These revelations produced a litany of angry comments from their loyal customers along with critical Tweets from the President himself, which had previously viewed the world of Harley-Davidson through the perceived lens of a made-in-American product. In the same article, Monte Whiteaker, head of the Oconomowoc, Wisconsin based Harley Owner Group stated, “ I want a quality bike, but I would I would like to see all of the components made in the U.S.” Suddenly, the parts of a Harley-Davidson mattered.

So what does this example tell us about our government? First, it shows how little attention we pay to the details of its components. In America, government is not one huge amorphous mass. Rather, it is formed by thousands of pieces or parts that, guided by the precepts of public administration, serving Americans on a continuous basis. Almost all of the functioning parts are local. This is not surprising as it is where our experiment in self-government started. The 2012 Census of Governments identified two distinct categories based on their overall scope of authority; general purpose governments included 19,519 municipalities, 16,360 townships and 3013 counties and special purpose governments represented 12,880 school districts and 38,266 special districts. Of the 90,107 entities of government in our nation, 90,056 were local.

Second, understanding what they do and why they do it is axiomatic to assessing their value. As one Harley loyalist stated, “I simply want it to run based on function and cost and reliability, in that order.” But to assess these attributes, it is important to have at least a basic understanding of the components and how they work. Just like Harley lovers, we seem to have paid little attention government’s many parts when we blindly accepted that “it is the problem.” This is especially true of county, one of our oldest forms of self-government, where it remains a component we use without knowing much about it, reinforced by the simplistic and delusional assumption that it must somehow be a problem. Over twenty years ago, Don Menzel succinctly stated “the American county is an important yet often neglected and maligned unit of local government.” Correcting our culture of misunderstanding while challenging and expanding our value of this entity of government will be the focus of subsequent articles.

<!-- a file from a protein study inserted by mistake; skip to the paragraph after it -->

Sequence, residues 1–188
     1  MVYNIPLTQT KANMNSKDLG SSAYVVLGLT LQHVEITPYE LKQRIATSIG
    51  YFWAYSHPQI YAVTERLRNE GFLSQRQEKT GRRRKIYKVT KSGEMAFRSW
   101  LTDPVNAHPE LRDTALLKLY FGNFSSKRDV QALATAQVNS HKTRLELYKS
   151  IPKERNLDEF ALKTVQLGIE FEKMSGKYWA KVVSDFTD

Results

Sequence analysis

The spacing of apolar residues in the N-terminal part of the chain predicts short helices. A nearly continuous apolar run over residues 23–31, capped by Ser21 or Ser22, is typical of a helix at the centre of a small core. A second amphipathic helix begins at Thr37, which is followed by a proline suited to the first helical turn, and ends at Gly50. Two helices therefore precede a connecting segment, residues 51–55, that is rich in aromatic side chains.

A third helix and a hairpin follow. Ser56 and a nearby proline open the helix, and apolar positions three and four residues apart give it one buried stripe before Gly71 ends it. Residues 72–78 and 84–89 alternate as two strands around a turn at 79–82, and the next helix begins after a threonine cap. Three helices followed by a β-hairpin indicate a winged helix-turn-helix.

Author: Dr. David Hamilton is a strategic leader experienced in managing county and city governments. He holds a Doctorate in Public Administration degree from Hamline University focused on the administrative challenges created by rapid-growth in Edge Counties and metropolitan areas.  He heads his own consulting firm guiding governments and organizations in community visioning, strategic planning and capacity building and serves on the Executive Council of the Suncoast Chapter of ASPA, based in the Tampa Bay region of Florida. Contact: [email protected]